“He is called as the talking Buddha, and this is his temple” pointed out the guide indicating to the temple of Guru Rinpoche at the corner, at Tiger’s Nest.

Still recuperating from a steep climb to reach the Tiger’s Nest at an altitude of 3100 m, I’d bumped into this English speaking local guide, who’s accompanied an old English man. He’d volunteered to guide me around the temple.

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The gorgeous view of the Paro valley from the steep stairs leading to the Tiger’s Nest

He went on – “Guru Rinpoche is considered to be one of our most revered incarnation of Lord Buddha himself. Tiger’s Nest is the sacred place of pilgrimage for the Buddhists around the world. There are many legendary stories related to this location.

Ma’am, as you can see, in those days about hundreds of years ago, there weren’t any steps or a reliable way to reach the top of the cliff until here. And the people had decided to install the idol of Guru Rinpoche on the top. But they stood lost after reaching the foot of the hill, realizing the difficulty, as it was impossible to carry the huge idol.

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The narrow path leading to the Tiger’s nest.

So, people decided to cut the idol into three equal pieces and planned to join them after reaching the top. It is when the miracle happened. The statue of Guru Rinpoche spoke to them, convincing them to leave the idol behind and assured them that it would be at the top by next morning. People were stunned when they found the idol, resting on the top of the cliff the next day. It is believed that the local deity brought the idol to the top”.

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This lady hiked with ease, actually stays on the upper part in a home

“Also, the other time when the idol spoke was to indicate the people of his reincarnation in our present world. He foretold that a boy born in the town of Paro would be his reincarnation and that he needs to be worshiped”. Pointing to a photograph of a young boy seated on the throne, he told that the boy was the incarnation of Guru Rinpoche, now about 26-year-old and that he lives in Thimphu presently.

“Also, the face of the guru is shown to have displayed eight types of expression so far, each expression correctly understood by the monks. All these make the people call him the ‘talking Buddha’ and Tiger’s nest is the faith of Bhutan”.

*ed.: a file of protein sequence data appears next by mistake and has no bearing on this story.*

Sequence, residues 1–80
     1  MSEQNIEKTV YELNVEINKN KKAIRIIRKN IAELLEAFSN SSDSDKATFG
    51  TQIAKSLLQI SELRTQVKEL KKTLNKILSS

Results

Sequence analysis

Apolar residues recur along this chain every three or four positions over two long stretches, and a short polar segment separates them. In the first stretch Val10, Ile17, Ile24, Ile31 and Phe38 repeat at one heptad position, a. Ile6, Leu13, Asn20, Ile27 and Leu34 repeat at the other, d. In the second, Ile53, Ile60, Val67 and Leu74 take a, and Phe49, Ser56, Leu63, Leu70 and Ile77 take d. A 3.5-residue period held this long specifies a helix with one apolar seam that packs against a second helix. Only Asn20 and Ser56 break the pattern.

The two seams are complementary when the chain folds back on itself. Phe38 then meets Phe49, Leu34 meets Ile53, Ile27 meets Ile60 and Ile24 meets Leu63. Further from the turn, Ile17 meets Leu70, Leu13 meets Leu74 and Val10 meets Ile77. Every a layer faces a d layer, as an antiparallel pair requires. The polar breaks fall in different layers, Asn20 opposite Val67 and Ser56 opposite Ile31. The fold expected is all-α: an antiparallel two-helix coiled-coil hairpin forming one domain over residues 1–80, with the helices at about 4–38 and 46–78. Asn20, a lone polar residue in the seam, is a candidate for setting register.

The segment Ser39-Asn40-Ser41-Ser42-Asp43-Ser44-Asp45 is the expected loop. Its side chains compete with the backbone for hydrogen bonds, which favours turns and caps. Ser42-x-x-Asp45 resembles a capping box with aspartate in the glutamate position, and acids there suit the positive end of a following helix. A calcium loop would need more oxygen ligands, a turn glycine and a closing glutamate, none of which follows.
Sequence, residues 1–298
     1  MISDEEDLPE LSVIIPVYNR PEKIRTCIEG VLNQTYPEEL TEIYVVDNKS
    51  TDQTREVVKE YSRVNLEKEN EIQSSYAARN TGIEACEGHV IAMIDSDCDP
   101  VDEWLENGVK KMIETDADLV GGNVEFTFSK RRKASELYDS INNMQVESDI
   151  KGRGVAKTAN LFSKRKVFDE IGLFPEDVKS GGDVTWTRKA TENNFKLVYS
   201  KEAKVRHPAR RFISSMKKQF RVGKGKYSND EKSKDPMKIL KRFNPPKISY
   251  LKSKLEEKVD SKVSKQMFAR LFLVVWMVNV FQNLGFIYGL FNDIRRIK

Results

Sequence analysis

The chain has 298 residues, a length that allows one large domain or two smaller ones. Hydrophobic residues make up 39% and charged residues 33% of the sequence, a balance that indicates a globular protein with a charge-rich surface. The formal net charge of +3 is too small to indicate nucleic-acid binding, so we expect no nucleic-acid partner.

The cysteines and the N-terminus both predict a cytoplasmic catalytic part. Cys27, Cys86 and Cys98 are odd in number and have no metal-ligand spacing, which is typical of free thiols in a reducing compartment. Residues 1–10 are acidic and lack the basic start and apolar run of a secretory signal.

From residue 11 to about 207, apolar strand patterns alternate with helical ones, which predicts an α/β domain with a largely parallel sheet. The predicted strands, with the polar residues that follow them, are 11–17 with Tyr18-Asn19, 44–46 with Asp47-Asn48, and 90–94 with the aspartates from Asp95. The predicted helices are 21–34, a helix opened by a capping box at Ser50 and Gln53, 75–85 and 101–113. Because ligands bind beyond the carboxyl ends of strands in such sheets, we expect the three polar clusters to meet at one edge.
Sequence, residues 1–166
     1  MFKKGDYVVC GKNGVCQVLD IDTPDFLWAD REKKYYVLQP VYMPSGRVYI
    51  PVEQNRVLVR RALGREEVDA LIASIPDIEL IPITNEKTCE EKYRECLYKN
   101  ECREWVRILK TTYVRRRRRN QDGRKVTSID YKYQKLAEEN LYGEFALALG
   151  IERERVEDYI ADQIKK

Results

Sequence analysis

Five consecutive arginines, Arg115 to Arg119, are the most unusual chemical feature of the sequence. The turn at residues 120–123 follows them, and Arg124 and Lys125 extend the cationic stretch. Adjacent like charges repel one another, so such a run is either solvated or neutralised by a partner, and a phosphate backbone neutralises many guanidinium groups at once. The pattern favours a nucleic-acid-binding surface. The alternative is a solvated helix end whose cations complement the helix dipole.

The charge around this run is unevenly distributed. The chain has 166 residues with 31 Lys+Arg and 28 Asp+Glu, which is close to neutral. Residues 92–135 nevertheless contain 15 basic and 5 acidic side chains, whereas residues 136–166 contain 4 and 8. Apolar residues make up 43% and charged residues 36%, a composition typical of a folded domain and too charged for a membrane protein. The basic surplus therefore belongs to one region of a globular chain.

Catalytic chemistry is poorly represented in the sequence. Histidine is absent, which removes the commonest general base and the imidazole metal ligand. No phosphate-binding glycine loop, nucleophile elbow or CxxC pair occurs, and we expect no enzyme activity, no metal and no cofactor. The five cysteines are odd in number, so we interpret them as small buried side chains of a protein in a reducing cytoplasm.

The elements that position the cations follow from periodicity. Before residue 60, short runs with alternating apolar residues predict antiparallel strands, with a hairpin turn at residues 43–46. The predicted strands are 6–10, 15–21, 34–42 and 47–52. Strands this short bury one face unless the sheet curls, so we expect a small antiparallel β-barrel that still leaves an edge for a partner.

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Views like these are therapeutic during a hike

I’d started my hike early, and the weather was perfect. It is a DIY trek, although many people were too surprised to find me alone without a group or a guide. I started with ease, enjoying the walk amidst the canopy of greenery which sometimes led to deep woods.

The trail is highly uneven and is steeper and narrower at some places, while it gets relatively easier on a few of them. A lot of people were climbing along with me, the reason for which I came to know later. Apart from the tourists, locals were heading for the Tiger’s nest for a prayer ceremony which would take place that day. It is held once in every two years and hence the locals, especially the youth had turned out in large numbers.

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Are prayer flags just meant to glorify or beautify the already astounding views?

I would pause when the view got gorgeous or to take a deep breath. The clouds hovered magnificently over the valley, multiplying the beauty of the surreal valley ten folds.

I reached the midpoint or the ‘Cafe point’ after 1.5 hours. And hunger had set in by now. When I was trying hard to divert my mind from it (as I’d not carried anything to eat and the cafe had nothing which I preferred), a monk came to me and offered biscuits, tea, and apple. I felt immensely grateful and gulped in the tea, once again floored by the immensely hospitable and the kind people of Bhutan.

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Well, the Taktsang Monastery or Tiger’s Nest has a temple which is believed where the flying tigress rested after reaching the top. There is an underground cave inside the temple, running several feet beneath and Guru Rinpoche meditated here for years and attained wisdom.